The stories this week say a lot about the strengths of our school along multiple dimensions: faculty-student collaboration on research that helps the policy community address critical environmental issues both abroad (#1) and in the U.S. (#2); Duke University’s recognition of the achievements of two of our outstanding staff members (#3, 4); and a community-wide initiative by the Marine Lab to foster a safer and more inclusive campus environment (#5). Congrats to all who are featured this week! You are Duke Environment.
Get out and enjoy this nice weather!
- Forest elephant populations in one of Central Africa’s largest and most important preserves have declined 80 percent because of poaching, new research led by John Poulsen shows. More than 25,000 elephants in Gabon’s Minkébé National Park have been killed for their ivory since 2004, the study suggests. With nearly half of Central Africa’s estimated 100,000 forest elephants thought to live in Gabon, the loss of so many from this key sanctuary underscores the urgent need for increased international cooperation to prosecute poachers, shut down the illegal trade in ivory and protect these magnificent animals before it’s too late. We’ve posted a video and story about John’s group’s new study here.
- Jay Golden, MEM students Lina Khan, Emily True, Taylor Brennan and Master of Public Policy student Ben Agsten traveled to Washington, D.C., recently to present preliminary findings from their research on bioindicators of the U.S. economy to leaders at the USDA and Department of Energy. The project is part of a Nic School sponsored project with the two agencies. You can learn more about the work Jay and his colleagues at the Center for Sustainability & Commerce are doing here.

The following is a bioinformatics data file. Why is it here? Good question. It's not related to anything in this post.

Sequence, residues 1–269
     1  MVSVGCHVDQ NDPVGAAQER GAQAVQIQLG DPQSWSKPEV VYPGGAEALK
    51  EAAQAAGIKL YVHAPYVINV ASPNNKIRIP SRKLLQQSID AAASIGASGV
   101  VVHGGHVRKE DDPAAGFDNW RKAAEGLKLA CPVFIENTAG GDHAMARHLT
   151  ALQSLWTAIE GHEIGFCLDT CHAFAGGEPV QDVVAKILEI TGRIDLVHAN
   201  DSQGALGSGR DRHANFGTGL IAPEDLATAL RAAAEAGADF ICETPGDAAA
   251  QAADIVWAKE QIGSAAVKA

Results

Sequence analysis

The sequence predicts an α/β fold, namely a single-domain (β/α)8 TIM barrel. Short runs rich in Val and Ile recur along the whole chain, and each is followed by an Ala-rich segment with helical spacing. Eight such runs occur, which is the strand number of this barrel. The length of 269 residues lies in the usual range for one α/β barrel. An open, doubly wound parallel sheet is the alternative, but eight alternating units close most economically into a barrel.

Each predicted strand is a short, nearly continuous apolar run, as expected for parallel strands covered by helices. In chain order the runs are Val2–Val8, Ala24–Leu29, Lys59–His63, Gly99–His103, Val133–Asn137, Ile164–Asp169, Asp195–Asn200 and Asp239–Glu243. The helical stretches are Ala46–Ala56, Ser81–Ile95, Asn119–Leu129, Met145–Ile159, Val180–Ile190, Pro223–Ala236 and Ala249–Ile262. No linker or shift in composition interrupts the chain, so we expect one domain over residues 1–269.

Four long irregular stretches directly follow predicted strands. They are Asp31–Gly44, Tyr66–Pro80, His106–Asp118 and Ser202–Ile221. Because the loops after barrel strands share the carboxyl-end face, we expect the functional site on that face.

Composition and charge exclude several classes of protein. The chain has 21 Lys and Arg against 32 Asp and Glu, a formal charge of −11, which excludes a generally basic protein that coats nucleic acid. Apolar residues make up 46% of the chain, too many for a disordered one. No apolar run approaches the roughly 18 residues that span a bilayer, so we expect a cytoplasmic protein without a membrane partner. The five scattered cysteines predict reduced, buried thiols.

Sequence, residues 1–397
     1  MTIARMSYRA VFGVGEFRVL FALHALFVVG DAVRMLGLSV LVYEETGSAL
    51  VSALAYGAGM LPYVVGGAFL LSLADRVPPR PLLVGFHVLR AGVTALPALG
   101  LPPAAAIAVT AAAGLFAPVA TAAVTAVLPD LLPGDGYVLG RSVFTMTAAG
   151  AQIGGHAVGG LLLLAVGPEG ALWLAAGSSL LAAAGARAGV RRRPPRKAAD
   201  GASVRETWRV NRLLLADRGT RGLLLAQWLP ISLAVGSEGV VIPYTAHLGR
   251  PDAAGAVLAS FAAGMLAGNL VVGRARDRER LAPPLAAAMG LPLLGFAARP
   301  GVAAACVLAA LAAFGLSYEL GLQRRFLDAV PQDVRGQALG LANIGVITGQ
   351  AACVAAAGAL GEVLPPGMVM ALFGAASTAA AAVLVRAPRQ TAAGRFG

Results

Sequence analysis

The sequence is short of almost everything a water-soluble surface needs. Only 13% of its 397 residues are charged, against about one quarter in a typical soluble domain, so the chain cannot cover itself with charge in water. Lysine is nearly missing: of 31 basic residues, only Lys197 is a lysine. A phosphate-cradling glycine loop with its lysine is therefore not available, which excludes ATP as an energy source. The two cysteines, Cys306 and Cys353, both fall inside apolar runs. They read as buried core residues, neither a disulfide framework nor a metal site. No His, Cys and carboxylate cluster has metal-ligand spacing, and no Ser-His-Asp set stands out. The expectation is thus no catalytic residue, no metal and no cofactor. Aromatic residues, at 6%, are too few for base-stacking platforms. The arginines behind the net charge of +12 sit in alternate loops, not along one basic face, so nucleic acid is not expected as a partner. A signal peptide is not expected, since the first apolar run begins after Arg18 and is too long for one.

- Nancy Kelly has been named Duke’s Blue Devil of the Week for her work to promote sustainability and civic responsibility, enhance diversity and inclusion, and – in general – foster a greater sense of community at the Nic School. She was also cited for her role as a driving force behind our Team Matthew outreach project to assist North Carolina communities affected by the devastating floods that followed Hurricane Matthew last year. Please join me in thanking her for all she does to make our school, and state, a better place. Way to go, Nancy!
- Kudos, also, to Robert Pitts, our assistant dean for strategic reporting and analytics, who has completed Duke’s rigorous 30-hour Financial Certification Program. Robert and his colleagues in our Business Office work tirelessly to ensure the fiscal sustainability of our school, provide vital guidance in our strategic planning, and help us maintain a high standard of excellence in all that we do. I can’t say enough about the contributions he and his team make to the Nic School’s success.
- The Marine Lab hosted two days of training by Duke’s Center for Sexual & Gender Diversity on Feb. 15 and 16 to identify ways to foster a safe and inclusive campus environment for students, staff, faculty and alums with marginalized sexual orientations, gender identities and gender expressions. Twenty-seven Marine Lab staff members and students took part in the training, which included a 4-hour workshop on PRIDE (Pursuing Respect, Inclusion, Diversity and Equity) and two hours of Trans 101 training. To learn more about the commitment to diversity and inclusion at DUML, go here.
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